Distributed Admission Control (cont’d)
        Estimated delays by VS algorithms in base stations
        Few base stations
         stop admitting traffic
         when load goes way
         high. Some are in
         continuous accept.
         This is due to overlap-
         ping areas of coverage
        Bursty traffic handled
         well
EE206A – SPRING 2001 – Distributed Control Algorithms for Service Differentiation in Wireless Packet Networks
    Distributed Service-level
    Management in a Wireless Network
        What does this have in common with the rest of the
         paper?
              Topic of admission control and the word “distributed”




EE206A – SPRING 2001 – Distributed Control Algorithms for Service Differentiation in Wireless Packet Networks
    Distributed Service-level
    Management in a Wireless Network
        Mobile moves into the service area, and performs
         handoff you need to perform admission control.
        Base station needs to know SLA
              Service Level Agreement
              “Contract” between provider/user specifying (for example)
               what bitrates the user will supply, and what kind of
               performance the network can guarantee
        So, you need to transfer the SLA context somehow
        It also seems as if this is the very first time DiffServ
         actually kicks in. Before, nothing said proposed
         schemes could be made to work with Int-Serv

EE206A – SPRING 2001 – Distributed Control Algorithms for Service Differentiation in Wireless Packet Networks
    Distributed Service-level
    Management in a Wireless Network                                                              (cont’d)

        First time the mobile enters the network make it
         obtain an SLA from some centralized control agent.
        SLA is transferred as a “token”
        SLA token is encrypted, and base-stations have keys
        Once Mobile Node obtains SLA it will submit it to
         base stations upon entering the cells.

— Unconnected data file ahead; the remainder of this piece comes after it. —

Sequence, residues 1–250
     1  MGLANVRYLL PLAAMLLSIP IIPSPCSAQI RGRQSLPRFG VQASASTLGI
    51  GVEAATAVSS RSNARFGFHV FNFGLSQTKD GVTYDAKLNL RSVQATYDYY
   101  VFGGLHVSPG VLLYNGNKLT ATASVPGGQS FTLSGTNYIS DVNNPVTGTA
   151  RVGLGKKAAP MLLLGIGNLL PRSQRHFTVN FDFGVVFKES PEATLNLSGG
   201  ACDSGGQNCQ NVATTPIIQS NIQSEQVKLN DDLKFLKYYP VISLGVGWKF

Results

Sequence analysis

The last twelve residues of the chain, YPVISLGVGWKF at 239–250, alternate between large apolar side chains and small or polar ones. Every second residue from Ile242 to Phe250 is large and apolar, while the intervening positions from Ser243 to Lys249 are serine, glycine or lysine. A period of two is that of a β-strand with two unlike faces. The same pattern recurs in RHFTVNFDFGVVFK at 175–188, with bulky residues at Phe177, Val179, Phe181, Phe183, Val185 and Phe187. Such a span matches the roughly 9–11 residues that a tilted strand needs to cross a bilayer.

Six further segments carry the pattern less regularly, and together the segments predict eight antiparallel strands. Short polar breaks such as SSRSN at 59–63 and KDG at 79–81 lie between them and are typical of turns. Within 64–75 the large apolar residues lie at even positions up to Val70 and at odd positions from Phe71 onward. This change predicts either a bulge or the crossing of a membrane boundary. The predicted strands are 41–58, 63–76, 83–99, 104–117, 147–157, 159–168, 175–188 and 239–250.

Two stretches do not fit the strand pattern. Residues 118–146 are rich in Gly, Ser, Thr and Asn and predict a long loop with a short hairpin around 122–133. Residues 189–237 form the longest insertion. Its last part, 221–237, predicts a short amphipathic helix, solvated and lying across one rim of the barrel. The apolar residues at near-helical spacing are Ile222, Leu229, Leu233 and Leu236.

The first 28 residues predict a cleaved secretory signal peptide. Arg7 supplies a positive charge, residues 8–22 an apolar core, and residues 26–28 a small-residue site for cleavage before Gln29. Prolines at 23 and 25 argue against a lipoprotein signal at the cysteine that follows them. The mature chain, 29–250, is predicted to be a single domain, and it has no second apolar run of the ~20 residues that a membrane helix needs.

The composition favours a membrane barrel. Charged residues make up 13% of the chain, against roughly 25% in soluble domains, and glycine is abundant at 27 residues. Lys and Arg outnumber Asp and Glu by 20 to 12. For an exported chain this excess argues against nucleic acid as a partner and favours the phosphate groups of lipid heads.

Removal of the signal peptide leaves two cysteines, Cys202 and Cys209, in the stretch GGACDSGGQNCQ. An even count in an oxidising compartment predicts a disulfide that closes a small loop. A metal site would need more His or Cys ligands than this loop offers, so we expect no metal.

    This way base-stations need not communicate, and
         are able to perform admission control locally



EE206A – SPRING 2001 – Distributed Control Algorithms for Service Differentiation in Wireless Packet Networks
    Critique?
        Did not see too many things I did not like
        Admission control in base-stations – does it contradict DiffServ
         principles of pushing decisions to the edges?
        Seems performance would be impacted by virtual mac although maybe
         nothing major. If placed in base-stations, there will be much more then
         20 (as the graph shows) nodes
        They argue its always better to drop packets then delay them for
         better-then-best-effort traffic. Should this not be left up to
         applications? Again, maybe contradicts the earlier “robustness”
         comment?
        Same statistical / non-deterministic nature that “does not allow TCP
         traffic to be starved” may very well starve it in some cases (or near-
         starve it)
        Distributed Service Level Management… does not seem to be very well
         integrated into the paper
EE206A – SPRING 2001 – Distributed Control Algorithms for Service Differentiation in Wireless Packet Networks
    References
        The EE206A slides (Spring ’01)
        http://www.en.polyu.edu.hk/~cmsp/Events/doc/tutorial_QoS.pdf




EE206A – SPRING 2001 – Distributed Control Algorithms for Service Differentiation in Wireless Packet Networks

				
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posted:9/30/2012